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Title: Essays on inequality aversion, conditional cooperation, and punishment
Author: Beranek, Benjamin
ISNI:       0000 0004 6351 8085
Awarding Body: University of Nottingham
Current Institution: University of Nottingham
Date of Award: 2017
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Recent developments in behavioral and experimental economics have shown that many people display other-regarding motives, in addition to self-interest. These social preferences – which include inequality aversion, conditional cooperation, and motives for punishment – make sense of a number of phenomena left unexplained by standard economic theory. This thesis is a collection of studies examining social preferences using the tools of experimental economics. Chapter 1 introduces the thesis explaining our goals and methods, as well as previewing our substantive contributions. Chapter 2 reports an experiment designed both to replicate and extend previous studies. We elicit and compare stated and revealed inequality aversion at the individual- level for subjects drawn from three different subject pools. Chapter 3 investigates whether inequality aversion, as modelled by Fehr and Schmidt (1999), explains free riding and conditional cooperation in a public good game. Chapter 4 investigates whether observed variation in the directionality of punishment between two subject pools can be explained by the “Culture of Honor” hypothesis. Chapter 5 concludes.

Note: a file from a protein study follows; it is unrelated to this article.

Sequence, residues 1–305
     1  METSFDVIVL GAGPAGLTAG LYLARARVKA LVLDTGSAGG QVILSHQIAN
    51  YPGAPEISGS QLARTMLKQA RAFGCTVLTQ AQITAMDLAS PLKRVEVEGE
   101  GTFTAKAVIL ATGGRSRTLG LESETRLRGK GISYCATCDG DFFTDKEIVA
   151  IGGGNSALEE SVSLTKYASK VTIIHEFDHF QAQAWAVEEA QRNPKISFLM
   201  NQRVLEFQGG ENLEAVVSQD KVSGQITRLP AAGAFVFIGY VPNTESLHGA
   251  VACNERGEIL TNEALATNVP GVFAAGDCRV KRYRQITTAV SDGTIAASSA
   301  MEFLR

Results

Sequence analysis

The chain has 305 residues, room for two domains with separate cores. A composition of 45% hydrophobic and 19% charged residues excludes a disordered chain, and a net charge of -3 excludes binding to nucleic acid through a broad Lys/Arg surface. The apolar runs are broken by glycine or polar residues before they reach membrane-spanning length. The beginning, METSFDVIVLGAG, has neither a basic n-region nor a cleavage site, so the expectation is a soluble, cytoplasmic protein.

Supervisor: Not available Sponsor: Not available
Qualification Name: Thesis (Ph.D.) Qualification Level: Doctoral
EThOS ID:  DOI: Not available
Keywords: HB Economic theory